Changing Philosophies of Fisheries Management as Illustrated by the History of Fishing Regulations in Wyoming

By Frank J. Rahel
Department of Zoology & Physiology, Program in Ecology, University of Wyoming, 1000 E. University Ave., Laramie, WY 82071. E-mail: [email protected]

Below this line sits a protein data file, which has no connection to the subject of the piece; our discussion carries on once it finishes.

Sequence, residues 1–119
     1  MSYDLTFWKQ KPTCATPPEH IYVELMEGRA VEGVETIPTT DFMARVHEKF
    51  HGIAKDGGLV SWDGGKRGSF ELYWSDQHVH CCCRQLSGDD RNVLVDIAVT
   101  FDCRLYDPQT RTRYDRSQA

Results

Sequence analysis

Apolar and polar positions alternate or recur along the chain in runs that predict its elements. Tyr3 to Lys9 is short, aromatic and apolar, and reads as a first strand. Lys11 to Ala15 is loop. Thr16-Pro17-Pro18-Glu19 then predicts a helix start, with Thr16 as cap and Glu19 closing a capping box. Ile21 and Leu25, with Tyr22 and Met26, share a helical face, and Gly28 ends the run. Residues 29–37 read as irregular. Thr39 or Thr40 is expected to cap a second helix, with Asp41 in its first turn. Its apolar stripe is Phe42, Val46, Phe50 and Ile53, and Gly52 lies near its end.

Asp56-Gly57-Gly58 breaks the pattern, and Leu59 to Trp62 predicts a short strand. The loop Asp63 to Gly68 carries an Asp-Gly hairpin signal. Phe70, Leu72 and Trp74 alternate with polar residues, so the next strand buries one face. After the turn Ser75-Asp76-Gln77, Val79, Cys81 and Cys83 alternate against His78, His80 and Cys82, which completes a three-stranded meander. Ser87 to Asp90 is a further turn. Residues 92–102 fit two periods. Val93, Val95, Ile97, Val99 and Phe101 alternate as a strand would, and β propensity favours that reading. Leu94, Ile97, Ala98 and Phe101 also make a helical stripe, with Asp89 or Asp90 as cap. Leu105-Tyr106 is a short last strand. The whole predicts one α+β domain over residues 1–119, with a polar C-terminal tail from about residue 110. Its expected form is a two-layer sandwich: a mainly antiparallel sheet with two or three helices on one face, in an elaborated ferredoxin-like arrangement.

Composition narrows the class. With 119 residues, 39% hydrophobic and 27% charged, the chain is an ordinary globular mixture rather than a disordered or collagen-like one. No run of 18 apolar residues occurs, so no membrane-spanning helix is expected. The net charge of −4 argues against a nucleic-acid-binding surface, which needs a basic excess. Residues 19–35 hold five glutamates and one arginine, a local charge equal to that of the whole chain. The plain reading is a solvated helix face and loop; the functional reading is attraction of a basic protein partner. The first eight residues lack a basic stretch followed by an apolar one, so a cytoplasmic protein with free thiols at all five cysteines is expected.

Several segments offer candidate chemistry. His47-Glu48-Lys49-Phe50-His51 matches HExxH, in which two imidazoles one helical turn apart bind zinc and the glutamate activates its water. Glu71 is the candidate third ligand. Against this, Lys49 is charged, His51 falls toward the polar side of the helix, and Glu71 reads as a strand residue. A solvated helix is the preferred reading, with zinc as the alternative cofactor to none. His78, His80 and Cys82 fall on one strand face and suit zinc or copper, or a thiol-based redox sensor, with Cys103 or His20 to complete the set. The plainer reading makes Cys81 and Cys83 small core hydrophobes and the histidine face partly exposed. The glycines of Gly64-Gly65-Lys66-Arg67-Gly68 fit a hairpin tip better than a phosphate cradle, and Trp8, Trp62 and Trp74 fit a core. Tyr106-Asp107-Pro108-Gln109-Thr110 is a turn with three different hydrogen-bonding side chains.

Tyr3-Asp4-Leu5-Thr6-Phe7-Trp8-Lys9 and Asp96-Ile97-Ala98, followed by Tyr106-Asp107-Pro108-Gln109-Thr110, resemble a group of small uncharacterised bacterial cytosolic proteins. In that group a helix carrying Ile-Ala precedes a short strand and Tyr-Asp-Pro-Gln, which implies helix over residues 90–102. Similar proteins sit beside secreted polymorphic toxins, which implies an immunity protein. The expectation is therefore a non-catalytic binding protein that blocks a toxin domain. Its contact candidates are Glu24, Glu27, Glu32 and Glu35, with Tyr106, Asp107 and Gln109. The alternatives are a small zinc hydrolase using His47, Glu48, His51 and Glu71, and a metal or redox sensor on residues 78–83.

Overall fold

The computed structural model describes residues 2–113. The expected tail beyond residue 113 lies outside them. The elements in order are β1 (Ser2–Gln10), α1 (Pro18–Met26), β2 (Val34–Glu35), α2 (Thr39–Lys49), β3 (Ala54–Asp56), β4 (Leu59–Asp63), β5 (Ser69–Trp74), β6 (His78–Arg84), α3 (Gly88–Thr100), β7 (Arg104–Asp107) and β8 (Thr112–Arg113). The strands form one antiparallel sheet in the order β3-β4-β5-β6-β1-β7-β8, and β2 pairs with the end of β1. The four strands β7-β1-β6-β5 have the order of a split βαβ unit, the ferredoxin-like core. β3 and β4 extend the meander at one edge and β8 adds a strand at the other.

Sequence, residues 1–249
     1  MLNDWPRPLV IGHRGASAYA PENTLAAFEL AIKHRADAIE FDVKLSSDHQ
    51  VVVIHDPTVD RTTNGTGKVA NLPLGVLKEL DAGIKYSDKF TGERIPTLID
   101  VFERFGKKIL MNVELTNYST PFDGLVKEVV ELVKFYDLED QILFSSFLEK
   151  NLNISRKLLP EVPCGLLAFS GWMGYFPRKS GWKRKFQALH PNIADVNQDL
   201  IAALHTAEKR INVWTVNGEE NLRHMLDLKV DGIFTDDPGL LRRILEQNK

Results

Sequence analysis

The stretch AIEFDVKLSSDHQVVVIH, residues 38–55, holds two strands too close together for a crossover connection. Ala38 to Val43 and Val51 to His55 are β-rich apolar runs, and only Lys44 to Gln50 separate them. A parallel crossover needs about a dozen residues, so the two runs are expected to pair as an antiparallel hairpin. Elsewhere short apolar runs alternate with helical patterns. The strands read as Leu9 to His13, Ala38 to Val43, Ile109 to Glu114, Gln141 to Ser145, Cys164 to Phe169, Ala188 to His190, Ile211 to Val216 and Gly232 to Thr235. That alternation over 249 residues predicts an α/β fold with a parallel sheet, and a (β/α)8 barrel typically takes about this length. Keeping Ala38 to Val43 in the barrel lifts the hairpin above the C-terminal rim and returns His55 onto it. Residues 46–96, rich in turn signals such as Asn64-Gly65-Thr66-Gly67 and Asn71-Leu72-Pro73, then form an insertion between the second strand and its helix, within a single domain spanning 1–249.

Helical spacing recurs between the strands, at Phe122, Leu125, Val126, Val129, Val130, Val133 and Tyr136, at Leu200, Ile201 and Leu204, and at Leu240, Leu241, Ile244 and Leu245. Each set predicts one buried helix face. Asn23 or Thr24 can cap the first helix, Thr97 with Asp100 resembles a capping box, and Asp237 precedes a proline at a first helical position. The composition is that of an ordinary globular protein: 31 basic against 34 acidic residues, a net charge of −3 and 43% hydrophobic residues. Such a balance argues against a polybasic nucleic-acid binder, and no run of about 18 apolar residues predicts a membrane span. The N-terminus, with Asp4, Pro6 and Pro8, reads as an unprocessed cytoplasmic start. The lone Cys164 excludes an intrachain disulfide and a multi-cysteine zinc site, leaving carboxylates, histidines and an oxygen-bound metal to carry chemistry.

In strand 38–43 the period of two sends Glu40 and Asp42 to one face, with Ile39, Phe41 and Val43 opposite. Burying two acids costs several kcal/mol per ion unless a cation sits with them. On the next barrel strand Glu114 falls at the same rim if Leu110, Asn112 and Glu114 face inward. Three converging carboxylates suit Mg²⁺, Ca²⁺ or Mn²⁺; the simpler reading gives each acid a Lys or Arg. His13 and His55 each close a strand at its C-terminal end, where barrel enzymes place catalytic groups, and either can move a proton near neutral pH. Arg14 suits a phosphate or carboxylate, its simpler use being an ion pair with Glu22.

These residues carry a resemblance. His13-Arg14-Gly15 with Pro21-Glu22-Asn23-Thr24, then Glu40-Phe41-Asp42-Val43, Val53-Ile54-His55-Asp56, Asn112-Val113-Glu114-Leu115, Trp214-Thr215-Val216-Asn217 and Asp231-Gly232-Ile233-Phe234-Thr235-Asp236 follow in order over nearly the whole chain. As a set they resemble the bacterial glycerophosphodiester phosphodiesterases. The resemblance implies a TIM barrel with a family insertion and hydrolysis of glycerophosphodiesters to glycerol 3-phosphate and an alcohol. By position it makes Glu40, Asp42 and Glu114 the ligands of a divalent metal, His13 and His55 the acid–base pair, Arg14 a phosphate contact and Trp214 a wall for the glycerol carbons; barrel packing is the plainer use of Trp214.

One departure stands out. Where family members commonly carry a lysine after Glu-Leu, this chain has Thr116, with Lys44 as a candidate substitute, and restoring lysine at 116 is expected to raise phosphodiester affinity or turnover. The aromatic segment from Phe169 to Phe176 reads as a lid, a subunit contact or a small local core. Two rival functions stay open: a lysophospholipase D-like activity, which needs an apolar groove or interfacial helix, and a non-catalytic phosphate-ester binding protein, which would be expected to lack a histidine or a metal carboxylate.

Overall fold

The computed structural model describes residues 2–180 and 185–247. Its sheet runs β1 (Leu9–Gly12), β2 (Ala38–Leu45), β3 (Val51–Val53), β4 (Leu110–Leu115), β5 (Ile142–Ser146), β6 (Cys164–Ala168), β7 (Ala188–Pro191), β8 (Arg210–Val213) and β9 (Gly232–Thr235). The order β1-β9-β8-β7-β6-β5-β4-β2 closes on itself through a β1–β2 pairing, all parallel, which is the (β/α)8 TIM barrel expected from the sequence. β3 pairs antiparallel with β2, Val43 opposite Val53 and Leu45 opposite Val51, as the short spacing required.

Inland fisheries management began in the United States in the 1800s with a focus on fish as food and the use of stocking to create new fisheries and replenish depleted stocks. In the early 20th century, recreational fishing came to the forefront and regulations limiting the number and size of fish that could be harvested were enacted. Major trends in the regulation of recreational fisheries included a reduction in creel limits, more complexity in the application of regulations, increasingly restrictive use of baitfish, and limitations on competitive fishing tournaments. In the latter part of the 20th century, fisheries managers embraced a broader perspective that included conservation of native species and control of invasive species. These changes in regulations reflect the evolution of fisheries management philosophy along pathways emphasizing fishing for sustenance, fishing for recreation, and, most recently, biodiversity management. This evolution is illustrated by the history of angling regulations in Wyoming.

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